Though mixed-doubles curling is a young discipline, it contains within it all the ancient customs and conventions of the sport.
So it was quite right and proper that, following Canada's gold-medal win on Tuesday, John Morris threw down the traditional curling gauntlet in front of former TV star Mr. T, who is Tweeting about his new favourite sport, curling.
"We would accept a challenge from Mr. T," Mr. Morris said. "Not an arm-wrestling challenge. But maybe a mixed-doubles challenge."
It made sense if you were there.
That sealed it. Mixed-doubles is officially the most delightfully weird part of this Olympics.
Not weird in the sense of who won – Canada, of course.
In the final, Mr. Morris and partner Kaitlyn Lawes pulled Switzerland apart like kids playing with a bug. It ended with a forfeit after only six of eight ends, 10-3.
Though both Canadians hit big shots all night long, the focus of viewing fascination was the male member of the Swiss team, Martin Rios.
Mr. Rios is a throwback curler, which is to say he is a surprisingly nimble fellow for a man of such girth. His game fell apart early and often – at one point, he flung a rock a good foot wide of the house. Which is hard to do.
Though it was frigid in the Gangneung Curling Centre, Mr. Rios was sweating like a flopping Catskills comedian. As things kept getting worse for him – and partner Jenny Perret – Mr. Rios kept towelling off. When he held his hand out to a surprised Ms. Lawes at the end, you felt that his real victory on the evening was being allowed to go home.
"My performance was a little bit, 'Everybody against Jenny,'" Mr. Rios said afterward, while Ms. Perret sat there trying to convince herself that she should wait until later to strangle him – fewer witnesses.
The Canadians looked over sympathetically. Clearly, they knew how he felt … well, not really. But they could imagine it, I suppose.
This is all as it should be – Canada steamrolling to another curling victory. This country has now won four of the past five golds.
Famously, Ms. Lawes and Mr. Morris practised together for a total of half an hour before the Canadian Olympic trials. Maybe the next team we send over can meet each other for the first time on the plane.
That dominance flows from a widespread interest in the game – an interest that has never really translated elsewhere.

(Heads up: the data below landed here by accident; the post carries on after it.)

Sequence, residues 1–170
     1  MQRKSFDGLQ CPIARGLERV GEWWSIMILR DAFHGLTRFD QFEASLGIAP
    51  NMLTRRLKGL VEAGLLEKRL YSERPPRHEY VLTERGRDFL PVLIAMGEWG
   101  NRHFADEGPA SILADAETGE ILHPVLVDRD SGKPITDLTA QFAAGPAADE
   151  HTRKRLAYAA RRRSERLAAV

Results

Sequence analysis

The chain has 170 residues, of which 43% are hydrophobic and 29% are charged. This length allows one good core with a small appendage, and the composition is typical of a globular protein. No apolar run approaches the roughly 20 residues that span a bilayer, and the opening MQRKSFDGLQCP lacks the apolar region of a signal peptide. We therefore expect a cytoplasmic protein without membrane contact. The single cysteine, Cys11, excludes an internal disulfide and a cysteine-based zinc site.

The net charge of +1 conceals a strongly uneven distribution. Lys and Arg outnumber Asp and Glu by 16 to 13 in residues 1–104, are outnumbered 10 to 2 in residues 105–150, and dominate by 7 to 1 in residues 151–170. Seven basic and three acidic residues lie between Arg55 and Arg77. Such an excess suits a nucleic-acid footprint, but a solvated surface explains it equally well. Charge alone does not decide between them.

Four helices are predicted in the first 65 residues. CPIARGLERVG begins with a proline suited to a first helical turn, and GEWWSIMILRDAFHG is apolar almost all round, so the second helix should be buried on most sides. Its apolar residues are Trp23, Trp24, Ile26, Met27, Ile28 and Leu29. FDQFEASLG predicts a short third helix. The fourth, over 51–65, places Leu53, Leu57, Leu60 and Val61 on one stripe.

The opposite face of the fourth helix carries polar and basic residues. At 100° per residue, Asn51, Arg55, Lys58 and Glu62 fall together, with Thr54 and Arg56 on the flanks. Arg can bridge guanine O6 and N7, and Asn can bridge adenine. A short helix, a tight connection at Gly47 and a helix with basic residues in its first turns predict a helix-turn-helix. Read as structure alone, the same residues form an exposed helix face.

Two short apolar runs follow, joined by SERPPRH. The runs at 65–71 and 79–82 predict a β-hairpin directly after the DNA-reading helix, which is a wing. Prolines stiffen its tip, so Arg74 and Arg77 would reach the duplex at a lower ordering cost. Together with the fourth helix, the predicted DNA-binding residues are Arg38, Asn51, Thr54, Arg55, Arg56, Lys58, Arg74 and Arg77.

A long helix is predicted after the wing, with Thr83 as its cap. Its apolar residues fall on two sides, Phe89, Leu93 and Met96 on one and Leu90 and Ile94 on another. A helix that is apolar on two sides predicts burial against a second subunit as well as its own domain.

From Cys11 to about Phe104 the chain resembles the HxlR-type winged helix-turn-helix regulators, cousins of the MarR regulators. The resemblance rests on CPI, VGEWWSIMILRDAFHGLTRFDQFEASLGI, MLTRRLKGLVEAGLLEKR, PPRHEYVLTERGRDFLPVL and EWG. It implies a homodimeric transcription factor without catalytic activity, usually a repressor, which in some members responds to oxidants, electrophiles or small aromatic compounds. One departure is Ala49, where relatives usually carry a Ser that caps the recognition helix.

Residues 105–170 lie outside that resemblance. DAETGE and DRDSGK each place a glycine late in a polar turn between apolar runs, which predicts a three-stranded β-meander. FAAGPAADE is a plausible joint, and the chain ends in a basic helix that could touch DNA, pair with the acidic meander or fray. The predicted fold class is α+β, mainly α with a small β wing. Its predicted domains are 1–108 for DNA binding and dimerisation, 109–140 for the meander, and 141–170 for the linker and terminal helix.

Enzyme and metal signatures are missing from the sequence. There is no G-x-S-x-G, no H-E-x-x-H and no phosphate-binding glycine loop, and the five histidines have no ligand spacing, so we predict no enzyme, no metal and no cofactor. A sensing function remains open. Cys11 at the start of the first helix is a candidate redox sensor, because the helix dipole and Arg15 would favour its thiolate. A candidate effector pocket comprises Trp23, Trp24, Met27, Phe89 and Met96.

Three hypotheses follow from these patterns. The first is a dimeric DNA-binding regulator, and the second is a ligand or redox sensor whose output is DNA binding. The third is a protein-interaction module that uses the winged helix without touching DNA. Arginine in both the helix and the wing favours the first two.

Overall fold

As such, every Canadian curler at the Olympics is expected to be an evangelist for the sport. Ms. Lawes and Mr. Morris embraced that work.
"The mixed-doubles is where it's at," Mr. Morris said, which is not something you'd expect to hear from a sprinter or a speed skater.
That outreach mission works – at least temporarily. Every one of us knows someone who "discovers" curling at a Games. As if it's been hiding somewhere.
But something about the mixed-doubles variety was especially intoxicating to the rubes, most notably famed eighties television aphorist, Mr. T.
"I am really Pumped watching the Winter Olympics. I am watching events I never thought I would watch before, like curling. You heard me, curling Fool," he tweeted two nights ago.
What a thespian. The man never breaks character.
"Curling is kind of different, but it's Exciting. It's not as easy as it looks. It takes some skills that's for sure. I like it!" he continued.
It's settled then.
The world outside the traditional curling confines agreed with Mr. T's assessment. Americans obsessed about their own fractious brother-sister team. British tabloids found every excuse to run leering photo galleries of the Russian team's female half, including an entire story in the Daily Mail after Anastasia Bryzgalova slipped on the ice ("… with her model looks and icy stare …")
The New York Times jumped on the Olympics' coolest bandwagon, devoting a dedicated curling correspondent to goose coverage going into the Games and doing in-depth features with titles such as What Is Curling?
You can understand why this bowdlerized version of the sport caught so much attention. It has all the strategy, but none of the sloth. The fact that the athletes are mic'd gives it a reality-TV feel, even if little of what's said makes sense. (Mr. Morris, for example: "You swept it so it'll be a hair keener.")
Even the way the athletes look – in pants and T-shirts, a little bit paunchier, a little more real – is an attraction.
"We have very good traditions in the game, which I think are in line with Olympic values," Mr. Morris said, and began listing them, before getting to: "At the end of the day, when you have a hard match against an opponent, it's a pretty common tradition to go share a drink with them. That's the essence of great sport."
Curling is the Olympics' only working-class event (though the rest of us still couldn't do it anywhere close to this level).
What struck you about Ms. Lawes and Mr. Morris afterward was how hard they worked on behalf of the game. Little was said about their own performance. Everything was said about how groovy curling is.
"We've had so many fans from all over the world saying they are loving curling, and loving mixed-doubles," Ms. Lawes said. "I've been staying active on social media just because I enjoy seeing the response."
This time around, it may seem heightened, but it often goes like this – the whole world piling into Canada's cultural backyard for a couple of weeks.
There is a multistage, knee-jerk reaction to all of this.
The first stage is delight: "They like us!"
The second is leeriness: "But why do they like us?"
And the third stage is resentment: "They always say this, but they never like us for long."
Maybe this is the Olympics where Canada stops going past Stage 1. Curling is just one of the things we do well at the Olympics now.
And maybe this is the Olympics where a few more of the people who found curling stick with it for a while.
Given how hard they worked at selling it, Ms. Lawes and Mr. Morris might see that as just as great a legacy as an Olympic championship.